Depression may have an analytical upside. People hospitalized for this mood disorder display a flair for making good choices when many options must be considered one at a time, a new study finds.
Depression may prompt an analytical thinking style suited to solving sequential problems, such as deciding when to stop a house hunt and purchase a property or when to stop playing the field and marry a suitor, say psychologist Bettina von Helversen of the University of Basel in Switzerland and her colleagues.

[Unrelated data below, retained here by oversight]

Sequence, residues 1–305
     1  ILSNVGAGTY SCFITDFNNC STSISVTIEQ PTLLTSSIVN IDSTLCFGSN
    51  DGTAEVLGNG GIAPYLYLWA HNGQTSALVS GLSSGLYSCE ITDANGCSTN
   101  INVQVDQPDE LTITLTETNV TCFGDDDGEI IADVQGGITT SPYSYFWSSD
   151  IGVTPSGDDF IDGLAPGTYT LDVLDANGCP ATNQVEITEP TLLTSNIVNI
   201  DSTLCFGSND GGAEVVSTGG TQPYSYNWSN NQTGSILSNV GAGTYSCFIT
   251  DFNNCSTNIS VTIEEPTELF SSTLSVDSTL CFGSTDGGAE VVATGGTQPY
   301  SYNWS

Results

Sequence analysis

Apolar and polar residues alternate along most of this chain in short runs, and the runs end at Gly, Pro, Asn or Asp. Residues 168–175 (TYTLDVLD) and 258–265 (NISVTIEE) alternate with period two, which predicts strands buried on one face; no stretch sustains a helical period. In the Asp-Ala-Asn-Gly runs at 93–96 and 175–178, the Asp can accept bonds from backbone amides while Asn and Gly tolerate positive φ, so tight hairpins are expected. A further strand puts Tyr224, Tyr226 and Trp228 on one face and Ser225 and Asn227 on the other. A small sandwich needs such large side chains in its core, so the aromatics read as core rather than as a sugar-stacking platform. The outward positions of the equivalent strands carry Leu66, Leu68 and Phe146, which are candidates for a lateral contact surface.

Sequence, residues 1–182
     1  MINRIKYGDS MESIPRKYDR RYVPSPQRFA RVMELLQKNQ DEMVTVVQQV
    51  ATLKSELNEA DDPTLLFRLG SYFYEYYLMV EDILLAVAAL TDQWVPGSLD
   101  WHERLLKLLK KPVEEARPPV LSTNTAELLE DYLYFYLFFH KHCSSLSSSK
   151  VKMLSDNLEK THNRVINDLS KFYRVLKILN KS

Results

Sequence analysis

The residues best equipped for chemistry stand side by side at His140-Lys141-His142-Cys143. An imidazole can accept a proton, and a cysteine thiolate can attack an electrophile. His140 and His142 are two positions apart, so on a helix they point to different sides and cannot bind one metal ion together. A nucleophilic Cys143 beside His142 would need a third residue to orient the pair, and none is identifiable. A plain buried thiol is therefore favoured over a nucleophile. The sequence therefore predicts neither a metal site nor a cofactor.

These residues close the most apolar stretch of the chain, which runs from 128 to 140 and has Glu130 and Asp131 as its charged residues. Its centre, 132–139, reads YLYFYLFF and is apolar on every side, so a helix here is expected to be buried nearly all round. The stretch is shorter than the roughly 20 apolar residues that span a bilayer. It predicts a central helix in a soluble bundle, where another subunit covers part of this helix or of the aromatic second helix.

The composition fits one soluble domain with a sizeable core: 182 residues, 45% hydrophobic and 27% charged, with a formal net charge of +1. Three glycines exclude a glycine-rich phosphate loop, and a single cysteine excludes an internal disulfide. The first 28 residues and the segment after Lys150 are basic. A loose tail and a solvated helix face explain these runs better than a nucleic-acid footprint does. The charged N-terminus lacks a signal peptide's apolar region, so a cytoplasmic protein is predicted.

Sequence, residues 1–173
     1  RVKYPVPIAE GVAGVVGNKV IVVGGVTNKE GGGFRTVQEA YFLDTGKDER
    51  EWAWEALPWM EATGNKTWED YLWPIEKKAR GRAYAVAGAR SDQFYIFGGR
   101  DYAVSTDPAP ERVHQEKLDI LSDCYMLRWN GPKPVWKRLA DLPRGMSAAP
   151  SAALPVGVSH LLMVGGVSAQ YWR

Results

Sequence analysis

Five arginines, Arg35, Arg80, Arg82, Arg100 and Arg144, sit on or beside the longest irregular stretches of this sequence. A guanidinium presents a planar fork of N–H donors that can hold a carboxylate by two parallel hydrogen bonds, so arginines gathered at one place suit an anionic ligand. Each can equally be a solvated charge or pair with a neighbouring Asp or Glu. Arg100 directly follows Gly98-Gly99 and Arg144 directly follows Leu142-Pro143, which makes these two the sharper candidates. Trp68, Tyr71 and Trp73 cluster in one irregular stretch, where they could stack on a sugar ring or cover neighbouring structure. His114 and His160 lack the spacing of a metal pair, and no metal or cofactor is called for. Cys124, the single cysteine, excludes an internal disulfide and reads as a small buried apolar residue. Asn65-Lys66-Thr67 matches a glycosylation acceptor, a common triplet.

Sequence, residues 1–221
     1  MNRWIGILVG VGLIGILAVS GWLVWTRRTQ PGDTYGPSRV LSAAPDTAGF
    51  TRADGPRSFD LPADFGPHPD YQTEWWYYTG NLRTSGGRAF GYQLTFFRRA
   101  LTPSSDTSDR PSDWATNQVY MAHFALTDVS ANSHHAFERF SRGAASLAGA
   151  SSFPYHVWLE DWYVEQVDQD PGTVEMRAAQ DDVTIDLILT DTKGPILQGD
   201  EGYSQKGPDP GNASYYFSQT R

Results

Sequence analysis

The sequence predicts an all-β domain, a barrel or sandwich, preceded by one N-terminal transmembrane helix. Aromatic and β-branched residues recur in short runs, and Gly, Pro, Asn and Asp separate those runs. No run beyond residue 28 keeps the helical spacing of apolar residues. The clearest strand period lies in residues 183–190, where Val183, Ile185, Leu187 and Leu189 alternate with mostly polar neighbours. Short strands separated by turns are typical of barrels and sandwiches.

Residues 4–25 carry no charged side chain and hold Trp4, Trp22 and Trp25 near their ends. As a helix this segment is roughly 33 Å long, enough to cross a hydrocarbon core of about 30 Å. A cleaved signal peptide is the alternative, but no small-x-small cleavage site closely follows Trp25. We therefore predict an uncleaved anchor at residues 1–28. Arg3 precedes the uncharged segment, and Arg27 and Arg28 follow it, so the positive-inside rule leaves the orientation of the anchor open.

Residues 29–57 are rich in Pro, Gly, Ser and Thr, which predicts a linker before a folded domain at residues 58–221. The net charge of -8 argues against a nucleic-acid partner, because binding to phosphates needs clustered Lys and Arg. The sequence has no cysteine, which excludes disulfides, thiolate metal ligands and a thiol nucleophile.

It’s also possible that depressed people adopt a pessimistic outlook that encourages a thorough evaluation of available options, von Helversen's team suggests in an upcoming Journal of Abnormal Psychology.
“Depression may improve sequential decision making, which includes some high-stakes choices,” she says.
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